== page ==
Amusing signs show up everywhere


Some years ago, this sign appeared in London: “How dare New York call itself the Big Smoke?”
Such amusing signage shows up everywhere. Sometimes, as in the London example, the endeavour to provoke laughter is clear. Sometimes, unfortunate wording or spelling is unintentionally funny. Other times, a typo is to blame. Yet again, translation can produce strange results.
When I lived in Edmonton, this message once greeted people arriving at St. Joseph’s Cathedral (now a basilica): “No shoes. No shirt. No service.”
There once was — maybe there still is — a signboard on the outskirts of Neepawa, Manitoba, urging, “Drive carefully. You might hit an Anglican.”
I recently noticed this yellow, highway-type sign outside Bethesda Church on Grant: “Thou shalt watch for children crossing.”
This same church once posted one of the best notices I’ve ever seen: “Remember. The Titanic was built by experts, the Ark by an amateur.”
Funny, attention-grabbing signs have been around for a long time. Some people collect them. Here are a few intentionally amusing signs:
• From a shop window in Oslo: “English spoken. American understood.”
• In a Seattle butcher shop: “Pork sausages from pigs who died happy.”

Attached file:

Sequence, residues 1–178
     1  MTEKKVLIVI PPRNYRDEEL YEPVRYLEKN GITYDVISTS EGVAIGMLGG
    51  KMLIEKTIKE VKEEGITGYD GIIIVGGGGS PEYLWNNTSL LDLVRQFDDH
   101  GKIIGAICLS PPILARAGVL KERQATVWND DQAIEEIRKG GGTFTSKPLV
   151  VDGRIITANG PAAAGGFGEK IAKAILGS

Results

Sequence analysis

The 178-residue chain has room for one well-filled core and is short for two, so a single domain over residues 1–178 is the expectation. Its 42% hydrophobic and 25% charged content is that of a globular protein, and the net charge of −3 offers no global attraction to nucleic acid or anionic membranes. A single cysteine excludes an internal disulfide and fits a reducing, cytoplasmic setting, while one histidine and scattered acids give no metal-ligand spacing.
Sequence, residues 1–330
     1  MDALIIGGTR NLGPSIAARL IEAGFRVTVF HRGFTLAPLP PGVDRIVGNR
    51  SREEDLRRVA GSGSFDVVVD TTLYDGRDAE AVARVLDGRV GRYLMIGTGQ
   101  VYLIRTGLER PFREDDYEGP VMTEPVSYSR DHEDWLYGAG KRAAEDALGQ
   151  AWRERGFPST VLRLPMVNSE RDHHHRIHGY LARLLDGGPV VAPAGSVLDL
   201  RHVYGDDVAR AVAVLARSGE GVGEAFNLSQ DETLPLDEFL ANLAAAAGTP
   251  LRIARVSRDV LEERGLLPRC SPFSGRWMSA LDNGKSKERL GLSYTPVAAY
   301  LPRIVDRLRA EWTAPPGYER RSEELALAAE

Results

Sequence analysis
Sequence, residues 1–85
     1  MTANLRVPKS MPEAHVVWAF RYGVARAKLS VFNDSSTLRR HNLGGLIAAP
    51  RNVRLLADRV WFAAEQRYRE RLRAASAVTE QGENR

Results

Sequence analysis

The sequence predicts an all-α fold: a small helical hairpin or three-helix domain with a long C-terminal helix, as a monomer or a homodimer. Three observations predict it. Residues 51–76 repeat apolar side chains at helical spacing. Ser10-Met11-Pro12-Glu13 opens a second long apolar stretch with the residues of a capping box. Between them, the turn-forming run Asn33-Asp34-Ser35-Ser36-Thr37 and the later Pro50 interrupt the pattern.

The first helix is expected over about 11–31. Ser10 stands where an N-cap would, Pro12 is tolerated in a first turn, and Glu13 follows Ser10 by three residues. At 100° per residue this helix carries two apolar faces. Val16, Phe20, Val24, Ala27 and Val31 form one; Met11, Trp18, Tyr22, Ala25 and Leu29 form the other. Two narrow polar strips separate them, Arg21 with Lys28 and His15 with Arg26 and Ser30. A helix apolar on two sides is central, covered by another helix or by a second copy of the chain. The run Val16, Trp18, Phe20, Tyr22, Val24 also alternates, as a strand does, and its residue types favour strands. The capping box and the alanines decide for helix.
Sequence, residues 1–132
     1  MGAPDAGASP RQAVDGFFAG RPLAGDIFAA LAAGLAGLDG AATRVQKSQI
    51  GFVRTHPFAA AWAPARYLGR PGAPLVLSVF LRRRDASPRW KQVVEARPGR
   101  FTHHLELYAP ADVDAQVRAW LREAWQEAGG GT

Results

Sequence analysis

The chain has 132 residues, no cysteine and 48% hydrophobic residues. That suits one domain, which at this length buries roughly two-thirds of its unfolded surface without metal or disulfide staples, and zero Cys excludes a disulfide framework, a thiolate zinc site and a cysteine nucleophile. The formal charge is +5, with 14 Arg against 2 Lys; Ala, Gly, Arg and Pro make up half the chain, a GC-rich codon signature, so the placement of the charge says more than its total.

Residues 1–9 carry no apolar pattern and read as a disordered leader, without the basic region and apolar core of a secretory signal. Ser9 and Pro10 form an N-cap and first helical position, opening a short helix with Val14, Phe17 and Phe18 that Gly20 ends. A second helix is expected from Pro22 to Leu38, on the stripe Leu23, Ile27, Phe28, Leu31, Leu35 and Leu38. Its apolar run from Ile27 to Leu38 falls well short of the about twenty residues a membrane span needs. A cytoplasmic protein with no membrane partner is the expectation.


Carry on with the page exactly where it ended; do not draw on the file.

• Who wouldn’t heed this highway billboard in a small town in New South Wales, Australia? “Slow. Two cemeteries. No hospital.”
• Another highway sign, this one spotted in Tennessee, warns, “Caution. Water on road during rain.”
• Yet another road sign — seen in the eastern U.S. — tells us, “Railroad accidents are the best indication that people do not believe in signs.”
• A B.C. bumper sticker, apparently from the CAA, says, “Call us at any hour. We’re always on our tows.”
Amusing as these messages are, most often, the fun arises by accident — from unfortunate wording or translation. Here’s one from the big appliance department of a Kentucky department store: “Don’t kill your wife. Let our washing machines do the dirty work.”
A church in the Maritimes advised, “Don’t let your troubles get you down. The church can help.”
In Barbados: “Supermarket for conscious shoppers.”
Feminists could justifiably take umbrage with this notice posted in a Roman doctor’s office: “Specialist in women and other diseases.”
This one was spotted in a Bucharest hotel: “The lift is being fixed for the next day. During that time you will be unbearable.”
A Boston restaurant advertised, “New Improved Old-Fashioned Beef Stew.”
And this ad appeared in an Oregon paper: “Why go elsewhere to be cheated when you can come here?”
Whenever you drive on U.S. roads you noticed the proliferation of billboards. They seem to be everywhere. Periodically, some community or state makes noises about limiting these, but nothing seems to happen. The signs are still there.
Americans, being Americans, make jokes about all this signage. Irvin S. Cobb (1876-1944) once said, “Behind the billboards lies New Jersey.”
But it’s probable that no one can top Song of the Open Road by Ogden Nash (1902-1971). “I think that I shall never see /A billboard lovely as a tree. /Indeed, unless the billboards fall/ I’ll never see a tree at all.”